Sherlock Holmes and the Ailing Naturalist

History and medicine sleuths at the University of Maryland host a conference each year to solve a historical medical mystery. This year, symptoms which plagued Darwin over the decades have been reconsidered.

Now, a new interpretation of his symptoms may have revealed the causes of Darwin’s condition. Research presented last week suggests that he suffered from three distinct ailments: cyclic vomiting syndrome (CVS), which generally starts in childhood; Chagas’ disease, a parasitic illness contracted during his five-year voyage on the HMS Beagle, and Helicobacter pylori, the bacteria now known to cause peptic ulcers.

Philip A. Mackowiak, MD, the author of Post Morten: Solving History’s Great Medical Mysteries, finds value for today’s practitioners in learning from medicine of the past.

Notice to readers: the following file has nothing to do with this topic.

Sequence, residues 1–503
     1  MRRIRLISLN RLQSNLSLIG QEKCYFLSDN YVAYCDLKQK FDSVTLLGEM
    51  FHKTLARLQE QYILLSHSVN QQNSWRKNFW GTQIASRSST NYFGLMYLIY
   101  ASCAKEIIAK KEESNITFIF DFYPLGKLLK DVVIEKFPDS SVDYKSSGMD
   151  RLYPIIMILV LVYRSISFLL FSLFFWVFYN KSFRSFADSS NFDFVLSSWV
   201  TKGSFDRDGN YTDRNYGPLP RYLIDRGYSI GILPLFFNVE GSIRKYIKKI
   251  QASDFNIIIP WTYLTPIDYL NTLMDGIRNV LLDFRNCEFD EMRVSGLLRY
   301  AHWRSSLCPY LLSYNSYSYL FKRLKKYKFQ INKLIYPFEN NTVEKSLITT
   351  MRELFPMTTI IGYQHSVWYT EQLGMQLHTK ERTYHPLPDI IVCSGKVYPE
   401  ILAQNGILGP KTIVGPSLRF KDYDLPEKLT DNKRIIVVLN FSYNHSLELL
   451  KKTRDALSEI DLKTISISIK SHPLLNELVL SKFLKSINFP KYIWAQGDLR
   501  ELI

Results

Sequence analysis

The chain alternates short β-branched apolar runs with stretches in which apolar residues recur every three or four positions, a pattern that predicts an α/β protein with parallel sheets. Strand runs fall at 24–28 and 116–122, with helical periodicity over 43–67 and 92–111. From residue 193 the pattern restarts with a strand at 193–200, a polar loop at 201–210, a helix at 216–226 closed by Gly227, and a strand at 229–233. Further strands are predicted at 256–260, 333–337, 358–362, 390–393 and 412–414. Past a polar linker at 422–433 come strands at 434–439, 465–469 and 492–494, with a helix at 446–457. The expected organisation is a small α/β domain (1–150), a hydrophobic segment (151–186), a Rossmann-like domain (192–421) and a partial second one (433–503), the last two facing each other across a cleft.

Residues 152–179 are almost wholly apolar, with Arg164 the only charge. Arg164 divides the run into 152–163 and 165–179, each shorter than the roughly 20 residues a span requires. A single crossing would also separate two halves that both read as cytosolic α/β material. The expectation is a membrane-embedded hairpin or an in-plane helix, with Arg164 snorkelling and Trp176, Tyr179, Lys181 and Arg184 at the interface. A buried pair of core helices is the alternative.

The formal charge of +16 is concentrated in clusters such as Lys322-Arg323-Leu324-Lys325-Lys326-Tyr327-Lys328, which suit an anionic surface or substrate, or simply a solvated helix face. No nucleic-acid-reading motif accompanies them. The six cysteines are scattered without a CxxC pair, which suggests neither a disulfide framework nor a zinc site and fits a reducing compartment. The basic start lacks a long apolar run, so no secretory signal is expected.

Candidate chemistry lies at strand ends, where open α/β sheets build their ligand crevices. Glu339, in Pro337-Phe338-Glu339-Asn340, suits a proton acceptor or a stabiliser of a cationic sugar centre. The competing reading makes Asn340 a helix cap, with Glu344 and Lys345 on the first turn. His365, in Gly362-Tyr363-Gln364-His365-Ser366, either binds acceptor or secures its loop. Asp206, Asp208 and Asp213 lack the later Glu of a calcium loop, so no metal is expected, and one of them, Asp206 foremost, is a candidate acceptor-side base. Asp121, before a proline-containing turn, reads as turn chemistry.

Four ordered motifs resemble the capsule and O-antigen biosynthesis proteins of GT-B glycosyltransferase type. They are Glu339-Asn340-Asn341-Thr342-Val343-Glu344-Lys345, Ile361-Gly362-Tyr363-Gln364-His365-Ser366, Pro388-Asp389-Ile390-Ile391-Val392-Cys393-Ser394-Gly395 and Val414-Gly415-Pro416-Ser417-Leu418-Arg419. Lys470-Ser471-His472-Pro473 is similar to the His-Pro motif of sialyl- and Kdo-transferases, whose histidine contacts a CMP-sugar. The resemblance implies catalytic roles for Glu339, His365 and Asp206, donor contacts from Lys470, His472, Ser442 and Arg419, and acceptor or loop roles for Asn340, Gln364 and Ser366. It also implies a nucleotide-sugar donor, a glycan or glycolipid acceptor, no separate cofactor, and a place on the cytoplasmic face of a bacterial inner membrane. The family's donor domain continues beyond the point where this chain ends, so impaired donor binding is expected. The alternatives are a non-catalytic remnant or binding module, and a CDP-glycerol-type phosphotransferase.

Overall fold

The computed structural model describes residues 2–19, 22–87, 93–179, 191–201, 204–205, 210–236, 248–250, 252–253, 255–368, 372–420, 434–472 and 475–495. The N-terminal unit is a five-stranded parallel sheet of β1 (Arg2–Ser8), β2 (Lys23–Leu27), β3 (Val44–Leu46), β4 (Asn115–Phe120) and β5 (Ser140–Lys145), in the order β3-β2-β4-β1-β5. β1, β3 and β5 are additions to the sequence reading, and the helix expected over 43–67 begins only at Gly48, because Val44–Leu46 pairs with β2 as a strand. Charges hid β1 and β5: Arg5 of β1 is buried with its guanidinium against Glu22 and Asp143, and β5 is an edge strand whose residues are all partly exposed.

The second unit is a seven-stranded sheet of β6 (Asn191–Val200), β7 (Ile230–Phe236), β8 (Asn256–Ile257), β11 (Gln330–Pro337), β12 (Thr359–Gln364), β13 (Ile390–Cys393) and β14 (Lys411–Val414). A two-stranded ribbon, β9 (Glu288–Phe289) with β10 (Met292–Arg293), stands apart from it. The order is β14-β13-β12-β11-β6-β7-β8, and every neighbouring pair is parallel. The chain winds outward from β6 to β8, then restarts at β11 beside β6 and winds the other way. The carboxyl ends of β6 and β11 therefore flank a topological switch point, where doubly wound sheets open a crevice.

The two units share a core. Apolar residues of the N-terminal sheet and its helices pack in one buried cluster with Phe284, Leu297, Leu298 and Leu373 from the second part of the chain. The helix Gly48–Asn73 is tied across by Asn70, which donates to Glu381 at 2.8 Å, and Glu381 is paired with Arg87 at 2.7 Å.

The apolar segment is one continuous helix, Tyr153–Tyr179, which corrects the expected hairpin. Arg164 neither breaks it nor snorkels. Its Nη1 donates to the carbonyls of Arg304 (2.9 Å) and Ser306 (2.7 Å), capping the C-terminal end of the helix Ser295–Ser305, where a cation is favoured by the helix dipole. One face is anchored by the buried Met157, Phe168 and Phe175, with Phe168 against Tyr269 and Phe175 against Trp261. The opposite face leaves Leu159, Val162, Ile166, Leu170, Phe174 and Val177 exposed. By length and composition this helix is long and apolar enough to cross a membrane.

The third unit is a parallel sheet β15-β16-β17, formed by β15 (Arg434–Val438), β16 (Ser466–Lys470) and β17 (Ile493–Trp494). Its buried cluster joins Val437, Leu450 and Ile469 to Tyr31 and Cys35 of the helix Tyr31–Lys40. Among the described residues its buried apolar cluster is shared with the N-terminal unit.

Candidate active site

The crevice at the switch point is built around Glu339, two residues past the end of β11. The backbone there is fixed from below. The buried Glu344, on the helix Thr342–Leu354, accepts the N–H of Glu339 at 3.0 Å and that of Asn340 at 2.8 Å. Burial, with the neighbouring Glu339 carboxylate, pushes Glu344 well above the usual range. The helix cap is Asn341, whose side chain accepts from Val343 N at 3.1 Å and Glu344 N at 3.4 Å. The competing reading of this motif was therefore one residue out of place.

“Every generation thinks they have the answers to life’s great questions, and subsequent generations say, ‘Aren’t they quaint? What were they thinking of?’ ” Dr. Mackowiak adds. “In trying to do the best we can, we have to be humble and realize that in the final analysis, it may not be all that good.”

(Side note: In an art history class a few years ago, we discussed how Egyptian art featuring Akhenaten portrayed him in a feminized form. I’m pretty sure we decided that there were major religious and cultural statements being made. In the end, he may have had aromatase excess syndrome.)

If you’re utterly fascinated by this sort of thing, be sure to check out case studies of George Armstrong Custer, Beethoven, Pericles, Claudius, and Mozart.


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